It always comes as a shock to hear just how fast boardroom pay continues to rise despite the recession, and the severe curbs on just about everyone else. On the latest figures the average remuneration was up, astonishingly, by almost 50% last year, and represents an ever-growing multiple of what is earned by those who do most of the work to keep the country's businesses going.
Most people, however, will feel just a little sceptical about effective controls of any sort being placed on this bonanza, despite today's announcement by Deputy Prime Minister Nick Clegg that the Government intends to "get tough" and may legislate if necessary.
Not just because the coalition is Conservative dominated, although the Prime Minister too has criticised what he called "rewards for failure". If it really were possible, would Labour not have done something about it in its time in power. Yes, even New Labour?
However Business Secretary Vince Cable's department is looking at three main ideas: to make shareholder votes on directors' remuneration packages binding, rather than advisory as at present; to require big companies to include an employee representative on remuneration committees; and to require publication of the ratio of senior directors' pay to typical or median pay in the company, perhaps with a binding maximum.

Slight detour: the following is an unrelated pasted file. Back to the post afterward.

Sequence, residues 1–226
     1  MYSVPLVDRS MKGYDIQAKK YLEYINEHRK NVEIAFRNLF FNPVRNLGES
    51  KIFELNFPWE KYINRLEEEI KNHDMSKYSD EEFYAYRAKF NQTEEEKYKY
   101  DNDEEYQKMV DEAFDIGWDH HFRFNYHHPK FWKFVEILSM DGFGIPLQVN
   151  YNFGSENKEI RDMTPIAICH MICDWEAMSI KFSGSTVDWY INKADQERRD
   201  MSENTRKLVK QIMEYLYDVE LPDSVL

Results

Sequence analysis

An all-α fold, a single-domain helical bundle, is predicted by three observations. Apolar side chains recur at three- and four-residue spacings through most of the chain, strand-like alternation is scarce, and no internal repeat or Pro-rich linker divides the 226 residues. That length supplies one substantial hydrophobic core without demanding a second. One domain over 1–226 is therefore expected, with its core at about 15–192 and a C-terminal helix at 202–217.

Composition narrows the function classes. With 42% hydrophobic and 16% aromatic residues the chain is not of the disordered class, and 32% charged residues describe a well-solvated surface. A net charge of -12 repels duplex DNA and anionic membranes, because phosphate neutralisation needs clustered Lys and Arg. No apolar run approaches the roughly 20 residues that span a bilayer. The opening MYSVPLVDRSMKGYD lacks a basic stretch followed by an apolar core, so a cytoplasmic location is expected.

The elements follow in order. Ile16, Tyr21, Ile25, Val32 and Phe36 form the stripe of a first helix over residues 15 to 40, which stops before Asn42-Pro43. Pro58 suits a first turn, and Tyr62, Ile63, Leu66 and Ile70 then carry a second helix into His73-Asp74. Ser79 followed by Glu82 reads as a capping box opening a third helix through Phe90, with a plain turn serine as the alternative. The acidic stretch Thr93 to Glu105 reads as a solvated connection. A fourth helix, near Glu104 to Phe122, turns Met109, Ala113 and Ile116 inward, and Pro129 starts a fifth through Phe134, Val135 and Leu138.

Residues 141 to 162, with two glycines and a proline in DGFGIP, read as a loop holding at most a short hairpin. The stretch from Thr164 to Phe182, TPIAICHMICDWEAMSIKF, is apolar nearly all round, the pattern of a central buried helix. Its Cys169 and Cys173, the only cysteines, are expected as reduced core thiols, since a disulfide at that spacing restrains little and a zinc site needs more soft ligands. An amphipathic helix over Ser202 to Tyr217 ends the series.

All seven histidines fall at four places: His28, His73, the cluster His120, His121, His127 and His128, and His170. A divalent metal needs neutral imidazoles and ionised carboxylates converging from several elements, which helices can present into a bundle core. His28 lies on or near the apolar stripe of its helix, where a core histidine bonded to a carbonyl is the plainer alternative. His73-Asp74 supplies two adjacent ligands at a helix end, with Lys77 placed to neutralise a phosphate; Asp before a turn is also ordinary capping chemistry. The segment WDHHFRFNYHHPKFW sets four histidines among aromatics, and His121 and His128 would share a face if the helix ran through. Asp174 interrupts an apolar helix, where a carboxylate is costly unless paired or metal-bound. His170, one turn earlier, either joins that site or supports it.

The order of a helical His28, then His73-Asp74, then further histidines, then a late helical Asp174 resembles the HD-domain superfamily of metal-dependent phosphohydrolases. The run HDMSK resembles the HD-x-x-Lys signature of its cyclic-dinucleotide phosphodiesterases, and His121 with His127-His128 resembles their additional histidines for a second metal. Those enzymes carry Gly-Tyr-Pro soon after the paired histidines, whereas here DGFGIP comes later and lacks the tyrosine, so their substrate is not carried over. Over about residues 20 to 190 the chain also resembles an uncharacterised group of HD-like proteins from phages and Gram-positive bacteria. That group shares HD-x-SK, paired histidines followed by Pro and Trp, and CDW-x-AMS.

Would they work? Remuneration packages can be complex,and ways to confer hidden benefits are liable to be devised. However I would applaud any attempt to tighten, and make more public, the methods by which remuneration is set. It is not just a matter for the company; there is a public interest in curbing the extent to which directors can look after their own interests while imposing austerity on everyone else. I do not believe the arguments that such packages are necessary to attract the right people. Abuse of power is abuse of power, in whatever context it takes place.